At least half a dozen blackbirds were feeding around the Tern Hide when we opened up , and a Roe deer on the drive to the Centre car-park were the first wildlife sightings. The usual round of opening up hides would have been un-remarkable but for a brief altercation between a grey heron and a couple of black-headed gulls. We had spooked the heron as we opened up the Ivy South Hide , it had been standing just outside the window. It then flew around and decided to drop down onto one of the vegetated rafts, which was already occupied by a black-headed gull,
This gull was joined by another who both mobbed the heron , which was only mildly distracted by the attention,. J ust been looking at the picture again, it seems the heron has swallowed a coot!!
The reed bed cutting reported Friday had been prompted by a remark from one of our regular photographer visitors, enquiring about the return of the bittern and chances for good opportunities to see the beast. From the Ivy North Hide we could see the work that Bob had put in to create the necessary habitat.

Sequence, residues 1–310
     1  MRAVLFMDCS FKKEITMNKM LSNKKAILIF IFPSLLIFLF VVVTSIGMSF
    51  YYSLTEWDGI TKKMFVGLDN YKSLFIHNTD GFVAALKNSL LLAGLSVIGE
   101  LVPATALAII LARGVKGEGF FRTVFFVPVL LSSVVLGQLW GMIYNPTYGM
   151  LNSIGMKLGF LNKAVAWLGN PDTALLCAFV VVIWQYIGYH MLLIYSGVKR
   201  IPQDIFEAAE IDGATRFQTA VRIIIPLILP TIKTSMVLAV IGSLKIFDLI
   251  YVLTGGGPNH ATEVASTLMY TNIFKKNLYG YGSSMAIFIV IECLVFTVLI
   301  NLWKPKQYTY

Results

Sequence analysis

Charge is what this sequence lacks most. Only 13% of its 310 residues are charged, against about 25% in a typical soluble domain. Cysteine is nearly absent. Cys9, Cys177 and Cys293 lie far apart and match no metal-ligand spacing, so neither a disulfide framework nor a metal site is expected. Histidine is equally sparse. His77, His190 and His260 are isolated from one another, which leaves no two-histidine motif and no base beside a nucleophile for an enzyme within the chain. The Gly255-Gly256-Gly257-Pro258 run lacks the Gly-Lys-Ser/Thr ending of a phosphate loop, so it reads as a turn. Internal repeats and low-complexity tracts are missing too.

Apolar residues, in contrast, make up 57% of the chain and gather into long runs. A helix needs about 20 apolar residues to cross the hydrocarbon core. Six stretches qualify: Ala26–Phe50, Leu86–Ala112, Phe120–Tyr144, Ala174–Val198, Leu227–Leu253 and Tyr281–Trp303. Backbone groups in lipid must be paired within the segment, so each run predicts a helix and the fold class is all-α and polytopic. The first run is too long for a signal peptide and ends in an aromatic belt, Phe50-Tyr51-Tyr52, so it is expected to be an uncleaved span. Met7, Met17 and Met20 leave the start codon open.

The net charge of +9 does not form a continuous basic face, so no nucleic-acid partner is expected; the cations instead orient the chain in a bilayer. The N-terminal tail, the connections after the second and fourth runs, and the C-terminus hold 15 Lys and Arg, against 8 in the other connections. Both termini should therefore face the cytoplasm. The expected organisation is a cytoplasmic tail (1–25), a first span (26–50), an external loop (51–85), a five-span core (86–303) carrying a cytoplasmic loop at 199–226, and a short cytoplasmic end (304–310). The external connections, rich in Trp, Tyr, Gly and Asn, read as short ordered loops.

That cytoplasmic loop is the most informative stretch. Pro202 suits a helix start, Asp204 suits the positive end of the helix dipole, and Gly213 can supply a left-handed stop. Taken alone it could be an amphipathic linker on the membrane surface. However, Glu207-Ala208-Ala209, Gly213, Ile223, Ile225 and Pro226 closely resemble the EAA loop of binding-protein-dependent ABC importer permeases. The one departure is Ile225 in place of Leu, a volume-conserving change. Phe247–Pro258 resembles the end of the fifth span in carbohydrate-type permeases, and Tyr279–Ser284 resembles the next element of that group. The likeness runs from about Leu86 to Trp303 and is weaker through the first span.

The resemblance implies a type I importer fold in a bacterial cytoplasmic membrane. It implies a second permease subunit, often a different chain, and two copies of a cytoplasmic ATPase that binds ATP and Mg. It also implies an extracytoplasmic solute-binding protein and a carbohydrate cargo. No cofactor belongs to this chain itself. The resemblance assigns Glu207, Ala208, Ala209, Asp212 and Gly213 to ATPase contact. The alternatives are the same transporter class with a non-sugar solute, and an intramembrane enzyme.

The aftermath of last Thursday night’s flooding in the Tern Hide car-park was a considerable quantity of wet leaves and silt covering about half of the area. This made for particularly slippery conditions, so a clean-up was the order of the day.
Whilst not particularly difficult to shift there was quite a lot of it to clear up , but the result was satisfying,
On the bird front we heard a Cetti’s warbler give its characteristic explosive song (don’t ask me to describe it!) from the path down to the Ivy South Hide. Mostly common ducks and coots about with some Egyptian geese as well as goosander seen.
Couldn’t resist the somewhat continental flavour to title this posting ( please excuse the lack of correct accenting – you just can’t get the right characters!) as, quite to our surprise and delight there was a Merveille du Jour on the wall above the overnight light trap.
Whilst a stunning moth when seen as above, its lichen coloured camouflage makes it quite hard to spot against a suitable background.
One of the three species that are difficult to separate (and shades of things to come) there were five November Moth/ Pale November Moth/ Autumnal Moth along with the Merveille du Jour.